If you live in Wisconsin, odds are you too endured a wicked winter storm as well earlier this month. I went thru quite the adventure (which included lost power, downed trees, and manual bailing of two sump pumps)!
After that experience, I took some time to sketch out action items I need to take care of immediately to better prepare myself and my home for the next storm/power outage. I won’t be caught off guard again!
That exercise made me realize there are also steps that can be done to protect our financial lives – not just our home lives – before a “storm” hits. Here are five items to review so you too can be prepared!
1.) Inventory and video all possessions – If you are a loyal reader, you will recognize this as one of my 2024 to-dos! This is a very important step to take to assist in any claims on your renters or home owners policies. Should you ever have a loss events, this documentation will make it far easier to detail what items you owned to share with your insurance company. Be sure to keep the lists and video in cloud storage so it will be protected.
2.) Share net worth statement and estate plans – Should something happen to you, it’s essential that someone you trust knows where all your assets are located, what debt you may have, and other key information (like passwords, advisory contacts, insurance policies, etc). A net worth statement (with account numbers and contacts) can be used to communicate assets and debt. A secure document of other key information can also be prepared. Once prepared, ensure that a trusted contact or advisor has this information as well as copies of your estate planning documents.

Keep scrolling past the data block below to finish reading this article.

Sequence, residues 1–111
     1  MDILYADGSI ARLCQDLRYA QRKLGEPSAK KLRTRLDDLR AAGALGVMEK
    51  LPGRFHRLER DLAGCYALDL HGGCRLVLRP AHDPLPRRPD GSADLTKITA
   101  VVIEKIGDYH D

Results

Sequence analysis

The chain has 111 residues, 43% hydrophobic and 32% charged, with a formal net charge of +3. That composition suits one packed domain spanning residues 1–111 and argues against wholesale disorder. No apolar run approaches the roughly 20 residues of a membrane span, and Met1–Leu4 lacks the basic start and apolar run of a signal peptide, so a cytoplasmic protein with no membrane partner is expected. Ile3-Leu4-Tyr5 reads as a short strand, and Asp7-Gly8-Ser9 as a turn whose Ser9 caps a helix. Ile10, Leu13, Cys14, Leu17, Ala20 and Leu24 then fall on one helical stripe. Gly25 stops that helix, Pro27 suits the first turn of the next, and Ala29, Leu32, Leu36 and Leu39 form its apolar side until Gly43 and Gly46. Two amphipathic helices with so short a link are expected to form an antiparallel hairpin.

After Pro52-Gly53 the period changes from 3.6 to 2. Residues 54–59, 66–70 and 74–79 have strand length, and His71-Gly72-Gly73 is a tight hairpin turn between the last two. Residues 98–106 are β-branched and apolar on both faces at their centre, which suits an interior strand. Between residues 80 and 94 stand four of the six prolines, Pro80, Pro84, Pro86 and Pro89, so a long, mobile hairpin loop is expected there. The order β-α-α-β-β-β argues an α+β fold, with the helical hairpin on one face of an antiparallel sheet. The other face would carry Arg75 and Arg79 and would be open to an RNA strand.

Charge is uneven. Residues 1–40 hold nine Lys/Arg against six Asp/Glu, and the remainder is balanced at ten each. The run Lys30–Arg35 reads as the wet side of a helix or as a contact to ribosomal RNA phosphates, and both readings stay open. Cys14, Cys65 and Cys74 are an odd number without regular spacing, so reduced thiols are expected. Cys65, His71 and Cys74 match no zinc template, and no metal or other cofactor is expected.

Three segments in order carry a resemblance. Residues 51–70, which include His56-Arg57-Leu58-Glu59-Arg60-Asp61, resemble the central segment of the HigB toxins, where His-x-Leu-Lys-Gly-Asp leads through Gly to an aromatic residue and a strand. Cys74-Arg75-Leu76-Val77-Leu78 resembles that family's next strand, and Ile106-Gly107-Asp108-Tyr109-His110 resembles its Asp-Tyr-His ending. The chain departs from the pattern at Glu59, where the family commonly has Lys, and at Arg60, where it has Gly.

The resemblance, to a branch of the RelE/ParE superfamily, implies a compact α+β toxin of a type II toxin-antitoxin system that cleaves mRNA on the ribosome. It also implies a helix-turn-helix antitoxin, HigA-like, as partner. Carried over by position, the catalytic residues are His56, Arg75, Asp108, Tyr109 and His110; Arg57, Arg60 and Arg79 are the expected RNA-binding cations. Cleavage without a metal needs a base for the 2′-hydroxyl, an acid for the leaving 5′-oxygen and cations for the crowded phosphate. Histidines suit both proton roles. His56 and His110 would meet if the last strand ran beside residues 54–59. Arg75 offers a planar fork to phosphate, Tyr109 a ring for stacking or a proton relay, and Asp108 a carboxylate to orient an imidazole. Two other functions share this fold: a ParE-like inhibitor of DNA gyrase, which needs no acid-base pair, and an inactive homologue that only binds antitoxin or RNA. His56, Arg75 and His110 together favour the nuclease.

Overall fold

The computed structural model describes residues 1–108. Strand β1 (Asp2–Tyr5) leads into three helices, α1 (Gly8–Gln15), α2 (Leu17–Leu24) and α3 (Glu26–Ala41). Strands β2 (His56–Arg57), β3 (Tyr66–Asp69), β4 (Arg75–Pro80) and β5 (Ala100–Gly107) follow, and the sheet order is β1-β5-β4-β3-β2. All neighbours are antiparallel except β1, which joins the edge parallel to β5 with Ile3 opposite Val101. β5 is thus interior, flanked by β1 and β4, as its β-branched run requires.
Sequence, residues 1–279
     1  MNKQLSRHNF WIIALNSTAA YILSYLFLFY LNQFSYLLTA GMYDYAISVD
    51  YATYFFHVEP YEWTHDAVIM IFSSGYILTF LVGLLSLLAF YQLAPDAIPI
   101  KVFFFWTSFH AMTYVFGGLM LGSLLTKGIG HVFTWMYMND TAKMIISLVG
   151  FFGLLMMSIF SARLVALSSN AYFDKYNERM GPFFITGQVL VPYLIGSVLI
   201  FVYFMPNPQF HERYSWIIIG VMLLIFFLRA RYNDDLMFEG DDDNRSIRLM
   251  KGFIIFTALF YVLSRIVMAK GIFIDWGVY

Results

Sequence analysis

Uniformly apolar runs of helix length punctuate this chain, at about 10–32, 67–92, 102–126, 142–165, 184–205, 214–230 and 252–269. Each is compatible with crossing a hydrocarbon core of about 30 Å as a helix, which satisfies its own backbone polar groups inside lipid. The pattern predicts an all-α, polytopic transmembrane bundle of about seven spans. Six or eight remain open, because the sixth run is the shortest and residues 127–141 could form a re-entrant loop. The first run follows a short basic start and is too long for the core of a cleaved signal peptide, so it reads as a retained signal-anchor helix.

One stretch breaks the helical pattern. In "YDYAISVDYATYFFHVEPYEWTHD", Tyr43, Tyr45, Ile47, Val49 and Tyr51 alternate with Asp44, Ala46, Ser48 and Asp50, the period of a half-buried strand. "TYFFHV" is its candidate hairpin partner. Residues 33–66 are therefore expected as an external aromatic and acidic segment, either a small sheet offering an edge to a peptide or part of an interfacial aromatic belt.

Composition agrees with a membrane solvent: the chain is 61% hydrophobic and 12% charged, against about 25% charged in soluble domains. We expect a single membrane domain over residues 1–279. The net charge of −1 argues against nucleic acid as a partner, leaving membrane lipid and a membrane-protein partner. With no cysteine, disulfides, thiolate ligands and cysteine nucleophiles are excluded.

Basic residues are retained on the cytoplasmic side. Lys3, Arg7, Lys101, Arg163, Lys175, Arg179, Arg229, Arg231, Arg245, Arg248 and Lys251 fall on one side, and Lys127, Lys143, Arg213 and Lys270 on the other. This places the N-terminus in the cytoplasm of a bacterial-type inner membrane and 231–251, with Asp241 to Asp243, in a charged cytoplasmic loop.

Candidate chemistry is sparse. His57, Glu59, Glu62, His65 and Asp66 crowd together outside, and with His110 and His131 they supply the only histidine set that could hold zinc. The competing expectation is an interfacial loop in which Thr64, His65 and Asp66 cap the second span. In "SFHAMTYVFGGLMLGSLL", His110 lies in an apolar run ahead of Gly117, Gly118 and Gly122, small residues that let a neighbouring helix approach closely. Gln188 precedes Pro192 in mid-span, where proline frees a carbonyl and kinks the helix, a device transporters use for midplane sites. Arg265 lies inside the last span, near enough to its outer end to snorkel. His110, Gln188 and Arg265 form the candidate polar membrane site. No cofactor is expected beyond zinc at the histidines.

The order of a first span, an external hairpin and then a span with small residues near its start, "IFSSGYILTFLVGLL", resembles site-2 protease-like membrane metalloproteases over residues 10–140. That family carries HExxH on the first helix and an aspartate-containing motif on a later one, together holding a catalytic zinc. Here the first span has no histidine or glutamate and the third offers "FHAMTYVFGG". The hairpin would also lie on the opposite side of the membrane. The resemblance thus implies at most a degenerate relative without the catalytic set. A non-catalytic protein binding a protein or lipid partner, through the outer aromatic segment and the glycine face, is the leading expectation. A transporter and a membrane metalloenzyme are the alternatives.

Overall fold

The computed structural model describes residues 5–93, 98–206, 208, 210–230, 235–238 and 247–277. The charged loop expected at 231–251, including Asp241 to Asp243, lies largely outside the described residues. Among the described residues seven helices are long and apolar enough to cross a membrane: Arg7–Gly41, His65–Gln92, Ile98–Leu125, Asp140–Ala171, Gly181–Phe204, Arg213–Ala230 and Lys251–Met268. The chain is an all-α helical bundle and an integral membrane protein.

3.) Ask for a “worst case” insurance review – I’m completing this step with my insurance advisor next week, asking “what would my policies cover if ____ happened to my car/house.” There is a lot of fine print in insurance policies that can have material impacts on your ultimate recovery during a loss event. It’s best to know the answer now and ensure you can live with the coverage you have – or take action to change it. Quantifying your potential exposures at the extremes is critical.
4.) Check emergency fund balances– I’ve written about this concept in the past but it’s worth repeating as it is such a smart strategy. Take a minute to compare the cash reserves/emergency fund you have at the moment with your current level of non-discretionary expenses for 6+ months (ie: costs you couldn’t easily eliminate if you lost your income. Note the # of months can change, depending on how fast you believe you could replace your income). If you have depleted those reserves in recent months or if you are spending more or have a job that’s harder to replace, take actions to rebuild those savings now before you need them. If you feel you don’t have sufficient access to cash, you may also wish to consider adding a home equity loan as a back-up emergency line of credit. You only pay interest if you draw on the line, so there’s no harm in having it open with a zero balance. And since approval is based on income, it’s essential to put it in place when times are good. If you need access to liquidity, you will be glad you had it established!
5.) Re-evaluate life insurance – In recent months, I have worked with quite a few clients that did not have sufficient life insurance to properly cover their risks (namely the cost of raising their young child if something happened to them). The time to prepare and hedge the risks associated with the loss of your life is now.
Hopefully this list is a helpful place for you to start preparing your financial lives well ahead of the storm.
Here’s to a calm 2024 from here on out – but if a storm comes, we will all be ready!
Onward we go,
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